Dr. Martin Luther King, Jr., the person many would say was the pioneer of the civil rights era in the 1960’s, believed in peaceful protests to achieve equal rights for Blacks all across this nation. He was a nonviolent man and powerful orator. When he spoke you couldn’t help but to listen. His words would draw you in with a resounding voice that commanded attention but was melodious to the ear. People were captivated by him, they wanted to hear his words and be a part of his work. He brought an entire race together; his eloquence put a sense of hope in the many that believed in him. His last speech which is widely known as “I’ve Been to the Mountaintop” seems to predict his untimely death, which occurred the very next day. He said, “Well I don’t know what will happen now, we’ve got some difficult days ahead, but it really doesn’t matter with me now because I’ve been to the mountain top. I don’t mind, like anybody I would like to live a long life, longevity has its place, but I’m not concerned about that now I just want to do God’s will and He’s allowed me to go up to the mountain and I’ve looked over and I’ve seen the Promised Land. I may not get there with you but I want you to know tonight that we as a people will get to the Promised Land. So I’m happy tonight, I’m not worried about anything, I’m not fearing any man, my eyes have seen the glory of the coming of the Lord.”
Mother Theresa a saint who walked this earth whose only mission was to pray and care for those known as the poorest of the poor. She founded various charities and missionaries dedicated to her life’s work. Despite her own health problems, Mother Theresa continued to be a blessing to so many lives on a daily basis. She traveled to a number of different countries nourishing the weak and becoming a beacon of hope to the forgotten. Mother Theresa was a servant of God who only wanted to do His will. She considered the feelings of others before her own. There are many quotes you can find online said by her, but the one that inspires me the most is not necessarily a popular quote, but a simple statement which sums up her reason for doing the work she did, “I serve because I love Jesus.”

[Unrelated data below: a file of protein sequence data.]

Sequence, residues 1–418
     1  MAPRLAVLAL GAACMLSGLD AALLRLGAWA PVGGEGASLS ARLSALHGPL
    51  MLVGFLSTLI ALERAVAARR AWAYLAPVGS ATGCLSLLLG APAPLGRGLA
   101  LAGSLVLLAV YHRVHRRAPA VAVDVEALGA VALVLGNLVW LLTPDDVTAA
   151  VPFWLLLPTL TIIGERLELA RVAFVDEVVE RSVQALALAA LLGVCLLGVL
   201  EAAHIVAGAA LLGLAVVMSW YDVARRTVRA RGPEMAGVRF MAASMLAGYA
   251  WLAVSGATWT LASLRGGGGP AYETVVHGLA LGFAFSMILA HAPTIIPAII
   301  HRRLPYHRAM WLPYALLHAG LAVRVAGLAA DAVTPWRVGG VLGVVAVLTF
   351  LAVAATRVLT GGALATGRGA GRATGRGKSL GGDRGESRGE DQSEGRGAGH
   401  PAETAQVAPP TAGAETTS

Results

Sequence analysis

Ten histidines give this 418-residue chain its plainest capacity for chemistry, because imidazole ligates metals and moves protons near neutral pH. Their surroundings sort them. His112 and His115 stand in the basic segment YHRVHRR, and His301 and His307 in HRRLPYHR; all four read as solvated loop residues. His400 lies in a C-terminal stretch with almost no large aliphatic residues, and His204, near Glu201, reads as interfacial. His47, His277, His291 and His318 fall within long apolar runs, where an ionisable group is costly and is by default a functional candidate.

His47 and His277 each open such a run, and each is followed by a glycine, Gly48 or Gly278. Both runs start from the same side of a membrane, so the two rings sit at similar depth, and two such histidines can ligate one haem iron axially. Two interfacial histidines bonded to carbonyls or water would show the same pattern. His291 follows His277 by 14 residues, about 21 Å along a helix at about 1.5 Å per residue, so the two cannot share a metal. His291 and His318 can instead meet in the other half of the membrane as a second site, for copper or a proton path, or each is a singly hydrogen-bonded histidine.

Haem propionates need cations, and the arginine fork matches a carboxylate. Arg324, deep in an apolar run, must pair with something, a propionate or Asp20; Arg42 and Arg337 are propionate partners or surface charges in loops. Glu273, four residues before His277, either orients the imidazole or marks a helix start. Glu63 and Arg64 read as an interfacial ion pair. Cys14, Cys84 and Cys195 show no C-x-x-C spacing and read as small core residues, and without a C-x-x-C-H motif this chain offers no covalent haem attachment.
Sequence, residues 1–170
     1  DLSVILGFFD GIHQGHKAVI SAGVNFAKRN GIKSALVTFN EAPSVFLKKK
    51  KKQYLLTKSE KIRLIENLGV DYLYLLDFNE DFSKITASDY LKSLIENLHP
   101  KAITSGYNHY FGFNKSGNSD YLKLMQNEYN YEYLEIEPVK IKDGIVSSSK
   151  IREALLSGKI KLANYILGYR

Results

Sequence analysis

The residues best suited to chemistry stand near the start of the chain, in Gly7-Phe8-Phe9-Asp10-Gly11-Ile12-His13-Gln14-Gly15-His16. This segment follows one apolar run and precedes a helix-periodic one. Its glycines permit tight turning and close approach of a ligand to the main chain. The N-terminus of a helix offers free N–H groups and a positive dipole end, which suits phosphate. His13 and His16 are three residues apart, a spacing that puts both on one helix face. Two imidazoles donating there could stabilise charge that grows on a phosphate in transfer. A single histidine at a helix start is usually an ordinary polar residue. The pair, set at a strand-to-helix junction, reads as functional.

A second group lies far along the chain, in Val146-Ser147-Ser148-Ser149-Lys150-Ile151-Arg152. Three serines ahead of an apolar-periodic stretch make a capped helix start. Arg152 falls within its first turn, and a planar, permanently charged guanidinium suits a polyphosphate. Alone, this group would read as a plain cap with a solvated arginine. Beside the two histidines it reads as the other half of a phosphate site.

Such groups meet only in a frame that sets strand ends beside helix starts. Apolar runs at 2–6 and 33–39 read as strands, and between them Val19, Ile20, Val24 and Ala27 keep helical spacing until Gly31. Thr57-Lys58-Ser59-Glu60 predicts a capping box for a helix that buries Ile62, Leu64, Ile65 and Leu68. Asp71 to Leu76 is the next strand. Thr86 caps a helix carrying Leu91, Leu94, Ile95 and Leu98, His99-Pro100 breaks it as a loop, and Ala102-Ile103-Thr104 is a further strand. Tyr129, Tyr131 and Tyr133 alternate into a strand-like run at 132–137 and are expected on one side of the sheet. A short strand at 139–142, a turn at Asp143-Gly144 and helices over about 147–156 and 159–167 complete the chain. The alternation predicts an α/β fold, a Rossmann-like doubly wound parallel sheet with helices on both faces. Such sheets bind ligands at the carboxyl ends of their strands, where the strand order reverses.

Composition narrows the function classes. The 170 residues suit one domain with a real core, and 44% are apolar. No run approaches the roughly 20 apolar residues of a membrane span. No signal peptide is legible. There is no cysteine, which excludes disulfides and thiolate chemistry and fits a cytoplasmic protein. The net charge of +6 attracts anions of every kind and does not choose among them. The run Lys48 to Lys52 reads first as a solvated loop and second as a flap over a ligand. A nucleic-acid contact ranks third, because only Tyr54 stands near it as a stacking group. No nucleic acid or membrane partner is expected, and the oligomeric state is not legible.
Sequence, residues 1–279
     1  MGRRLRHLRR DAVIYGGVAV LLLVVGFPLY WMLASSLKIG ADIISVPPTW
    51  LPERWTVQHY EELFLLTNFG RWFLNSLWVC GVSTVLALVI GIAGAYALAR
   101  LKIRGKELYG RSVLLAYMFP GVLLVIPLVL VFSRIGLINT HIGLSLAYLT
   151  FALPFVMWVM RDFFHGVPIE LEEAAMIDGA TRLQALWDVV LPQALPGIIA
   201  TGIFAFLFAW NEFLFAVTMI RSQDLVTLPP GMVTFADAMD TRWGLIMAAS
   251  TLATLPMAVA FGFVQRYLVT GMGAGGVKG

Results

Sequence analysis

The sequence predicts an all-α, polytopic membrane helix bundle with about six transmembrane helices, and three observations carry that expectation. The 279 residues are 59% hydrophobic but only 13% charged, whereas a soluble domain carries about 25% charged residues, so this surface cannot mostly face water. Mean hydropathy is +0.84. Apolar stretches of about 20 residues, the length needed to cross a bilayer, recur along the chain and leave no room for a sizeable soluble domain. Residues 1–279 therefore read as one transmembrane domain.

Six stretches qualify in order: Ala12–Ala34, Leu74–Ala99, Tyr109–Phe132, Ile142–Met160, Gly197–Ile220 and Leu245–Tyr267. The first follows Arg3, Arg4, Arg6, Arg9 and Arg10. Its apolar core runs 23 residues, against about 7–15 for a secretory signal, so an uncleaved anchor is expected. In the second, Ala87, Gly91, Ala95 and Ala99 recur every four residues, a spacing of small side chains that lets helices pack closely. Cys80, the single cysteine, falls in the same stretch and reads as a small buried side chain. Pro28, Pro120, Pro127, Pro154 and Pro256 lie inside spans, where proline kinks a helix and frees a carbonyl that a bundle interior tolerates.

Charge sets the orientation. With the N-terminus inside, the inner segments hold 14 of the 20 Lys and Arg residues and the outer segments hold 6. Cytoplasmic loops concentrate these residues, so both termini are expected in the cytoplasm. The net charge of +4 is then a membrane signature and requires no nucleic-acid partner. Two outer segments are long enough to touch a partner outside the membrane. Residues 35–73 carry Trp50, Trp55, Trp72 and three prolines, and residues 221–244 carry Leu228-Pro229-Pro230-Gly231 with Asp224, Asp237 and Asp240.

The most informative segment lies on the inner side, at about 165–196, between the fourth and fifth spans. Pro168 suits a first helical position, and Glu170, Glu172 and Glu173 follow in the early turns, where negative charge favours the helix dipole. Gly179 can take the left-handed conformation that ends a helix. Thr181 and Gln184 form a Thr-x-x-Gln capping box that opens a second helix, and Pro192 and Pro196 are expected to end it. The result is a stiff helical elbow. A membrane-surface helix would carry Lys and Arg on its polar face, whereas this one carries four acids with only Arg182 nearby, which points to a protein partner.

Now you may have your own list of those you feel God worked through, but what did these people who I’ve mentioned have in common, they each had an assignment, much like Jesus when He was here on earth. Jesus diligently did what the Father asked Him, not to be swayed and He accomplished His work. Kalief Browder had an assignment, those around him may not have realized it, but I believe Kalief knew there was something greater leading him, something greater sustaining him during his darkest hours; a greater need to do what was right.
My prayer was to do something for Kalief and God told me to write, but I didn’t think that was enough, but God knows more than I will ever know, so He knows my words will resonate in the heart of at least one person today and that person will begin to pay attention and desire a change to take place and he or she will tell another and then that person will take action inspiring yet another and before you know it one will turn into one hundred and then one thousand and so on until the work of God has flooded an entire neighborhood, county, city, state, country…all from the determination of a 22 year old young Black man who knew well within his spirit that his truth would not be silenced and his suffering would not be in vain. His story lives on, each time a difference is made, such as when the moment New York decided to shut the doors of Rikers Island forever, Kalief’s life was celebrated, or the moment people from different backgrounds, race and gender decided to walk the streets demanding laws be changed and police districts be held accountable for their reckless actions, his life was celebrated. God continues to work through him. Each time another heart is captivated by his story, he lives on. He captivated my heart. Ephesians 5:21 reads, “And further, submit to one another out of reverence for Christ.” Submit-consider the needs of others before our own. Out of reverence-a feeling or attitude of profound respect. Out of reverence for Christ I wanted to use this platform here at this pulpit to serve Kalief, to bring light to how his life was used for good and how I can only pray it will ignite a change in you as it has truly done in me…and for that Kalief Browder, I say thank you. AMEN.